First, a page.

At the end of the day the industry only has to look in the mirror to see who is at fault for this. In a free market consumers will find the same or similar product at a lower price or greater convenience or both.

I hate to tell Mr Dodd this but until his 2yo cry of “it’s mine, it’s mine” becomes more adult and his industry actually practices what it preaches in regards to artists actually, really getting paid for their work, grab things from the public domain and slap a copyright over their interpretation and then claim any interpretation that follows of the same thing from the public domain somehow violates their copyright and…..well, some of us here would say the sense of entitlement never ends with this industry

In the meantime I’ll buy from iTunes, Amazon and other legal and NEVER from any sites run my MPAA or RIAA member companies. I’m not giving my custom to someone who is convinced I’m a thief.

Ed Allen (profile) says:

He's right.

By your logic Free Software is a ten year old ongoing anomaly.

Assholes who think that any idea not hoarded and charged for is a travesty are why Richard Stallman invented Copyleft which later spawn the Free Software movement.

And lest you think “but software is different” google for Open Publishing where scientists and professors are relearning that sharing is how Science emerged from Alchemy in the first place.

Every idea cannot be worth an eternal tribute. Else nobody would be able to improve anything because the innovation would need to prove itself more valuable than what it is improving or it would never get made in the first place and, of course, we all know how accurate our judgement of value of unmade things has always been.

Copyright and Patents were “for limited times” precisely because that burden becomes greater the longer their term is so they stop promoting and start hindering Progress when it is too great.

We have extended that term without any concern from the extenders that the crossover might have been passed. I think it is time we be shown some evidence that it has not.

Ed Allen (profile) says:


Restrictions to change behaviors are such rowsing successes are they not ?

Just think of the glory of “The War On Drugs”. Lots of Politicians make millions from that.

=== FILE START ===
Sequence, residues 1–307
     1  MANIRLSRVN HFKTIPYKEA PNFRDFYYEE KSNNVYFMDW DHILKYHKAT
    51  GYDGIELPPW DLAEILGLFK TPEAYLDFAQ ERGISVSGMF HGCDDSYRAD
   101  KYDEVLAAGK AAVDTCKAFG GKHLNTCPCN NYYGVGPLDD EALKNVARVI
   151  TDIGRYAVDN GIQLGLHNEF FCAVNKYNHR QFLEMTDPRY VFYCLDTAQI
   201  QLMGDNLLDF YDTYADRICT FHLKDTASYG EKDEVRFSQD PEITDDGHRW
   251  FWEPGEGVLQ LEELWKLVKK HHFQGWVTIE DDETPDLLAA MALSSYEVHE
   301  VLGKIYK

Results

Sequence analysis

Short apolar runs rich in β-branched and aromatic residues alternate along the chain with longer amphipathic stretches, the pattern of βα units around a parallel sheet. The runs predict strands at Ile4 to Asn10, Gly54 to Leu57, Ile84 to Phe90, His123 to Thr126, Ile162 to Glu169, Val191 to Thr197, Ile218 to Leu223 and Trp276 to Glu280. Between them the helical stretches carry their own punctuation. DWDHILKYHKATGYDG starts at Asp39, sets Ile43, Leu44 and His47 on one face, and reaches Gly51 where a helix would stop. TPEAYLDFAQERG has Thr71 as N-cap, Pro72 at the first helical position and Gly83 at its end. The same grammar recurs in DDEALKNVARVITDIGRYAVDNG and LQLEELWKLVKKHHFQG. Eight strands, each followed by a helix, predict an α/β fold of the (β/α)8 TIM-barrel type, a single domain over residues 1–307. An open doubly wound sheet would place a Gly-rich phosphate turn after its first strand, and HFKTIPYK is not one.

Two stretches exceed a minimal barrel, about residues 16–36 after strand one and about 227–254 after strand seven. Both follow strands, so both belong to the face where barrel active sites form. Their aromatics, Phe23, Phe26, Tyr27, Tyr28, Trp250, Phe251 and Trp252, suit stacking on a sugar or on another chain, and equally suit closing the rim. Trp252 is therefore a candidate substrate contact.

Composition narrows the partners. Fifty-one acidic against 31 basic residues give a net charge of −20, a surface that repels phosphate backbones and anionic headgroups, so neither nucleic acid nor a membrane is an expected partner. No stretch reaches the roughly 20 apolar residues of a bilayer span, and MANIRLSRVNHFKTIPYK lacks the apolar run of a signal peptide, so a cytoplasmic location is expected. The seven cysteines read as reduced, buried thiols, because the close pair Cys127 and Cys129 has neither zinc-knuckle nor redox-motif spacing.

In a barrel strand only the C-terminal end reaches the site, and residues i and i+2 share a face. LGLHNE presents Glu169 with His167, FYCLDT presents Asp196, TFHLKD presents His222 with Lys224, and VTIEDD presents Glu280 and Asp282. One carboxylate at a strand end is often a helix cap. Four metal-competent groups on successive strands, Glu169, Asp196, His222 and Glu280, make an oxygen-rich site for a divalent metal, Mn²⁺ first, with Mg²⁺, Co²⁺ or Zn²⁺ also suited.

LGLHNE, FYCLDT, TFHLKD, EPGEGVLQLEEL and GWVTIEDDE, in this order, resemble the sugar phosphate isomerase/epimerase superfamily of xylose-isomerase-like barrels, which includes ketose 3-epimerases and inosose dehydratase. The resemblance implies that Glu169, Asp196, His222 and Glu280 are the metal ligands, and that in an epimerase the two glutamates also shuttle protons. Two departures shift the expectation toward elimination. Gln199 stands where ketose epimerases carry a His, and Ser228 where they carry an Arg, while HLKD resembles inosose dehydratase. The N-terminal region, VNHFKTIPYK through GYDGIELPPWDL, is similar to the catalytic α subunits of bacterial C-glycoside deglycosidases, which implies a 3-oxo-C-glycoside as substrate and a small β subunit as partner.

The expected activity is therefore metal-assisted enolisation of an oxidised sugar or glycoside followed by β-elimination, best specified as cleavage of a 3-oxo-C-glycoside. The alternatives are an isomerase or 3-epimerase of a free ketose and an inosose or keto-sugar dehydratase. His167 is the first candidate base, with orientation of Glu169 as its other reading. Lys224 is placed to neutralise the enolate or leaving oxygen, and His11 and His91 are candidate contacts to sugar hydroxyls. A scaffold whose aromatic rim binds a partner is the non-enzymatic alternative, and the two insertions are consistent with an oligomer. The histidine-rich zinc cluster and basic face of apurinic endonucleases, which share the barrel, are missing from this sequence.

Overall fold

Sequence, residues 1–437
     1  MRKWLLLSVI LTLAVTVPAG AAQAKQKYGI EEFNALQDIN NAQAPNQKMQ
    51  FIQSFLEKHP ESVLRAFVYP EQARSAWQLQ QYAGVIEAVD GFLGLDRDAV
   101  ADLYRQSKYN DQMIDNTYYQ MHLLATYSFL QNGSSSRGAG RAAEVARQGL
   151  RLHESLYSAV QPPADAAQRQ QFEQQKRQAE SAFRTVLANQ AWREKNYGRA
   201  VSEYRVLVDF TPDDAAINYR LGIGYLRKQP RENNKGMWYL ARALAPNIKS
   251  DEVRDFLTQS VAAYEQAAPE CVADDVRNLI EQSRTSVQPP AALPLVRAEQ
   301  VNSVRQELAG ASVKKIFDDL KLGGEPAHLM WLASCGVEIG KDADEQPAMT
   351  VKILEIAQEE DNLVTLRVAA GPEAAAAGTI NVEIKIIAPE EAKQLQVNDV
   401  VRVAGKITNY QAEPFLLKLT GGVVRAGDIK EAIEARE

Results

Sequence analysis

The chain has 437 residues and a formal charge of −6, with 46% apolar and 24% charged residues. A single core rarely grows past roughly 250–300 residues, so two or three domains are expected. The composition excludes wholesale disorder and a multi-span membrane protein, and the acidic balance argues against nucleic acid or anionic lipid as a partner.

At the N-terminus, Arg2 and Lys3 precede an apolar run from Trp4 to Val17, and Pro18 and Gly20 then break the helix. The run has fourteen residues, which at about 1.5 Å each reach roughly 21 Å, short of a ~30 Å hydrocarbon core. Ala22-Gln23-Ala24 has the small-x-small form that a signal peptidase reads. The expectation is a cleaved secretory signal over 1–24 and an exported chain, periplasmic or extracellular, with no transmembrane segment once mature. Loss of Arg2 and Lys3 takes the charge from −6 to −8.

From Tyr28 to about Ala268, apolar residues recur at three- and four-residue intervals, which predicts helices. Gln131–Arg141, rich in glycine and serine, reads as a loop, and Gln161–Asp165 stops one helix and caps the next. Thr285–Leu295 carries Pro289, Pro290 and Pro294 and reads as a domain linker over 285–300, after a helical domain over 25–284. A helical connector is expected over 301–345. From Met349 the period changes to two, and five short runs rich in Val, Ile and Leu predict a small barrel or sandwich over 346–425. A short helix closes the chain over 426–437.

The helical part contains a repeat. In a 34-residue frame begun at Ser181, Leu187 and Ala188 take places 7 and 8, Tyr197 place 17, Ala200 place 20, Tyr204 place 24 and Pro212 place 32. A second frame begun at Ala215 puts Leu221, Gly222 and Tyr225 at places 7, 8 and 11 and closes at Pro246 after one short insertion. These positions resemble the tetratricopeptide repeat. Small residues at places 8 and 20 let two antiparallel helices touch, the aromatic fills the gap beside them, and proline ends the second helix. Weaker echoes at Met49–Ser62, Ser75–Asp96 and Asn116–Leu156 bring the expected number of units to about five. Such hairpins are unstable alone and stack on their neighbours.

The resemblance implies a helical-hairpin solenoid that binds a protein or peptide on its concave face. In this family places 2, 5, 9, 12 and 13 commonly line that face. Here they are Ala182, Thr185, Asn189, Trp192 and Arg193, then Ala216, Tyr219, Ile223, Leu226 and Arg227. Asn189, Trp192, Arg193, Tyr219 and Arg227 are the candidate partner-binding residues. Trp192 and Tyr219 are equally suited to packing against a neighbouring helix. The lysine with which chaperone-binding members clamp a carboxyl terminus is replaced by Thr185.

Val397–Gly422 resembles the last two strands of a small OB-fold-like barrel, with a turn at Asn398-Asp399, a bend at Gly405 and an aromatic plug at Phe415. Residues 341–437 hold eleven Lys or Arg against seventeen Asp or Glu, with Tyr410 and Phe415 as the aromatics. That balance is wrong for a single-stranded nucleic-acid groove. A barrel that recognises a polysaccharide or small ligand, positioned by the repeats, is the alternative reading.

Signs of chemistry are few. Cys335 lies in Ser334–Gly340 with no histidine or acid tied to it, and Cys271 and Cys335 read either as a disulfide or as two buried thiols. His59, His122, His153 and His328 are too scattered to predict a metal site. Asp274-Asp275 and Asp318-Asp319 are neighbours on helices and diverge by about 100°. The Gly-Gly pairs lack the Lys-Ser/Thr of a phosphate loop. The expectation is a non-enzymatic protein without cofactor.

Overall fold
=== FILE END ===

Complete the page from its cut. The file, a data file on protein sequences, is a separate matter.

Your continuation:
Of course Prohibition was repealed because the corruption was causing society to break down. Not such a good example there.

As for stronger enforcement being “The Answer” just look at prisons. No movement without supervision, random searches of persons and their living areas. No drugs or sex in prison, right ???!

So much for “all we need is better enforcement” under the title of “education”.

artp (profile) says:

Wild, Wild West

The only Wild, Wild West that I see is Dodd and his cronies holding up the stagecoach. “Throw down those strongboxes.. and the saddlebags.. Empty your pockets!”

Copyright – 28 years, not transferable, no exclusive licensing allowed. No works for hire, the rights go with the person who created the work. Because corporations do not create anything! THAT would benefit the artists more than the current arrangement does.

Mr. Bad Example says:

Hard to Believe

Yes, it’s hard to believe that this guy was a serious candidate for President of the United States as near as 5 years ago. If he’s this clueless and delusional about this topic, how distorted is his view of reality overall? Come to think of it, though, maybe there is some merit to a long, drawn-out political campaign-obviously the voters in the early Democratic primaries in the 2008 elections felt that Dodd was NOT presidential caliber, as his organization spent an abnormal amount of someone else’s money for the paltry number of votes he got.
One has to wonder how many syncophants and gofers are hanging around the MPAA offices, justifying their jobs by “taking care” of “problems” for the boss while telling him how right he is in his delusions. Of course, when you wonder that, you also wonder how much of the $11 a ticket you’ve just paid to watch a new version of the crap studios are putting out now goes to support these brown-nosers.

TtfnJohn (profile) says:

He's right.

Oh why, oh why, do you keep forgetting the big guy out there at the time which was Compuserve (Compu$pend). Which is the one that had the most major newspaper content from North American and the UK which no one bothered with because it was so awkward to read and find cross links, something the Web made possible.

And I DO remember a time where these newspapers weren’t on the Web and I hate to tell you this but there was plenty of content, enough that search engines were appearing, and it was good content.

Not as pretty with as many pictures and dancing bear animated gifs but content was there. Mind you there WAS plenty of porn just like there was on Yahoo, Compuserv, IRC, usenet and just about anywhere else you cared to look. Says something about human nature and the power of sexuality that does. And the human need for portrayals of it even though I’ve felt it’s much better as a participatory “sport” than a spectator one.

The first attempts I remember to “monetize” the net came from those who tried to put up Web analogues of places like bricks and mortar malls. That failed, I can tell you.